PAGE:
Logic Of The Day: 05-12-2018.
At the beginning of any path, we’re excited and nervous. So we seek to comfort ourselves externally instead of inwardly. There’s a weak side to each of us, that — like a trade union — isn’t exactly malicious but at the end of the day still wants to get as much public credit and attention as it can for doing the least. That side we call ego.
The writer and former Gawker blogger Emily Gould — essentially a real-life Hannah Horvath — realized this during her two-year struggle to get a novel published. Though she had a six-figure book deal, she was stuck. Why? She was too busy “spending a lot of time on the Internet,” that’s why. “In fact, I can’t really remember anything else I did in 2010. I tumbld, I tweeted and I scrolled. This didn’t earn me any money but it felt like work… It was also the only creative thing I was doing.”
She did what a lot of us do when we’re scared or overwhelmed by a project — she did everything but focus on it. In fact, many valuable endeavors we undertake are painfully difficult, whether it’s coding a new startup or mastering a craft. But talking, talking is always easy. So we do that instead.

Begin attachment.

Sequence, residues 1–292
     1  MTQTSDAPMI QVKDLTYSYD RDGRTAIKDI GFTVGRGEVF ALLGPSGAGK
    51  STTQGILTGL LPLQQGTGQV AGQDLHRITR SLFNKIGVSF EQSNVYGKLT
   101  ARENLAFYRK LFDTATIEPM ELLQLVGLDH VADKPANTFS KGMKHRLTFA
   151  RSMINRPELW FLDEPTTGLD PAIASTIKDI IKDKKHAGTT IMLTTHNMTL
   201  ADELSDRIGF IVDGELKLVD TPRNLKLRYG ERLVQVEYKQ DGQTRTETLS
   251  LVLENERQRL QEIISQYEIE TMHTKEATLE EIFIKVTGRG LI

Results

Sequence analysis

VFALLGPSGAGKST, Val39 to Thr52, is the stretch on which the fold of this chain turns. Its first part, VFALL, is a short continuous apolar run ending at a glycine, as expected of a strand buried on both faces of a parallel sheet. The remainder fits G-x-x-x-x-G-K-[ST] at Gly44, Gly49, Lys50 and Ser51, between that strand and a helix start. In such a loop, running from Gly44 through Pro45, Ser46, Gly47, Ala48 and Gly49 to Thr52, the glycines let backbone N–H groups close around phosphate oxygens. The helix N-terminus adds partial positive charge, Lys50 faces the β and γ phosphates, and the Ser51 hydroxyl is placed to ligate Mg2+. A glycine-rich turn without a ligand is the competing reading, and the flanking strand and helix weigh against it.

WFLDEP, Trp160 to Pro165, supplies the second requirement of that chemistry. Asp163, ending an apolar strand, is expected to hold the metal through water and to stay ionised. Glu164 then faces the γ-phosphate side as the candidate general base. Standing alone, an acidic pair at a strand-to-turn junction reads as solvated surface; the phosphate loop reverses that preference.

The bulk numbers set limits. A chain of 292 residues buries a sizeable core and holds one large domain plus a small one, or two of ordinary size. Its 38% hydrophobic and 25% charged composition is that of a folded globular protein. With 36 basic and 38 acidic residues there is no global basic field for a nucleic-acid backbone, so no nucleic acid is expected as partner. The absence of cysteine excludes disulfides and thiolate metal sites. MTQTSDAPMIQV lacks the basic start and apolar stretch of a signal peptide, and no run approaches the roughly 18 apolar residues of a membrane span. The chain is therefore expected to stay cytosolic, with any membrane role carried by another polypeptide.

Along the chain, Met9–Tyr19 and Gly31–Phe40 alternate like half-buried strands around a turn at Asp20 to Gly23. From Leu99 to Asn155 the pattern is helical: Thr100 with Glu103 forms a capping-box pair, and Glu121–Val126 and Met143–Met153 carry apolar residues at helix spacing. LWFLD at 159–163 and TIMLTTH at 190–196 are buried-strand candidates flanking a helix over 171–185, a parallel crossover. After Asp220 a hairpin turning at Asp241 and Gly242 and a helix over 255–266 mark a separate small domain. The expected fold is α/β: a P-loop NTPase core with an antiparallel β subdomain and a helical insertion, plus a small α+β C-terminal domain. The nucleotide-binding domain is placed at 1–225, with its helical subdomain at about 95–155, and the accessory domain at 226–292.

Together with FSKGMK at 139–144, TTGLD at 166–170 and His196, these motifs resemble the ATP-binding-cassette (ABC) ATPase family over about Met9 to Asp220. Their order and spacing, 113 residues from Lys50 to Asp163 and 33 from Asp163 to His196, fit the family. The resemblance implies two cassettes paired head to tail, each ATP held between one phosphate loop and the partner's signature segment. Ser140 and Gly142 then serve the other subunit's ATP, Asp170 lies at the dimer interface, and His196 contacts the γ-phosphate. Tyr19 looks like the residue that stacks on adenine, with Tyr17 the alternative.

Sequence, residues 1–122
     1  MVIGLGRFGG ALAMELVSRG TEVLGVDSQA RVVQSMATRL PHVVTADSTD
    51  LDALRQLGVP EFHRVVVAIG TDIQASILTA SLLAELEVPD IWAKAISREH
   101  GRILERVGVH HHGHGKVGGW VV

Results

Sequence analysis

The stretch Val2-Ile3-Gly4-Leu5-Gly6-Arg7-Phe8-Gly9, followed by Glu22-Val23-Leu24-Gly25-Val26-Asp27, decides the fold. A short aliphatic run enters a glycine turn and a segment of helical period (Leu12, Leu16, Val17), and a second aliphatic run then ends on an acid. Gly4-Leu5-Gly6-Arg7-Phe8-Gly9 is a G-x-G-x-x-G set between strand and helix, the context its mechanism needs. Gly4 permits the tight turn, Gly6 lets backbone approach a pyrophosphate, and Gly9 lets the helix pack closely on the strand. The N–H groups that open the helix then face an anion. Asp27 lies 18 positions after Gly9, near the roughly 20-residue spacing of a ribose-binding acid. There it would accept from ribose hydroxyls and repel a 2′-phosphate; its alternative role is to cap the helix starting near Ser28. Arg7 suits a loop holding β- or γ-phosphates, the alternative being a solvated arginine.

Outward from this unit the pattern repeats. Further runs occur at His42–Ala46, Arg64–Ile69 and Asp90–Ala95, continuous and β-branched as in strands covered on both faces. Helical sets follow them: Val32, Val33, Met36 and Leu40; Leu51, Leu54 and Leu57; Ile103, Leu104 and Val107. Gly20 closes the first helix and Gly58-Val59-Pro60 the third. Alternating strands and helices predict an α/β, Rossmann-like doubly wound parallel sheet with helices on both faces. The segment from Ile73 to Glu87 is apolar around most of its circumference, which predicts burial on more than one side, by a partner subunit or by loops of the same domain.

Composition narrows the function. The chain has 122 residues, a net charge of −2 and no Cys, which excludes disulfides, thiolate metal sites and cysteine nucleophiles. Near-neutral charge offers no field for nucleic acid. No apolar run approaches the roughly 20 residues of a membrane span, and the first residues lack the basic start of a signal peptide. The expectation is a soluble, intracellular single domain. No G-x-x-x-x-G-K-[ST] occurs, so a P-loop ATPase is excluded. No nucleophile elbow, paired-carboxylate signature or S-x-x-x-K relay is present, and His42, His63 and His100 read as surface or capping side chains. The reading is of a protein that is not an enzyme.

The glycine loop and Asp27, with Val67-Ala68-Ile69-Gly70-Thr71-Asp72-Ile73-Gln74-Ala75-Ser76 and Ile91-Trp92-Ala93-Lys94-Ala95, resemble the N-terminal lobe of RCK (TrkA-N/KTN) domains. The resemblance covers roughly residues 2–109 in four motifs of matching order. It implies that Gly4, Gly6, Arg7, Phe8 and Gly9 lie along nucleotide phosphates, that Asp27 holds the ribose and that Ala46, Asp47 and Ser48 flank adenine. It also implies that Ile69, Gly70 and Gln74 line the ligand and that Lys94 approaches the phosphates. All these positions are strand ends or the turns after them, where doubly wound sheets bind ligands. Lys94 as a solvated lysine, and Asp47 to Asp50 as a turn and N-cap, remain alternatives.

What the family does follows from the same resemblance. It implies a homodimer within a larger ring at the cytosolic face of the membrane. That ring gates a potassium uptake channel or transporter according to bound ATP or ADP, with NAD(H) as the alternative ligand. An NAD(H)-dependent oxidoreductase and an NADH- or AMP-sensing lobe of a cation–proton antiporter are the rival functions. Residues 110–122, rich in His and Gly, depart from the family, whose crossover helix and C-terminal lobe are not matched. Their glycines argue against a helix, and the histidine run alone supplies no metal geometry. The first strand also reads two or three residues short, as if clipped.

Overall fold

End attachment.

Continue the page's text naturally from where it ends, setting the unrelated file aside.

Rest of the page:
It’s a temptation that exists for everyone — for talk and hype to replace action. Doing great work is a struggle. It’s draining, it’s demoralizing, it’s frightening — not always, but it can feel that way when we’re deep in the middle of it. We talk to fill the void and the uncertainty.
The question is, when faced with your particular challenge — whether it is researching in a new field, starting a business, producing a film, securing a mentor, advancing an important cause — do you seek the respite of talk or do you face the struggle head-on?
~ Ryan Holiday (The 3 Ways Ego Will Derail Your Career Before It Really Begins)
"The Career Growth Team"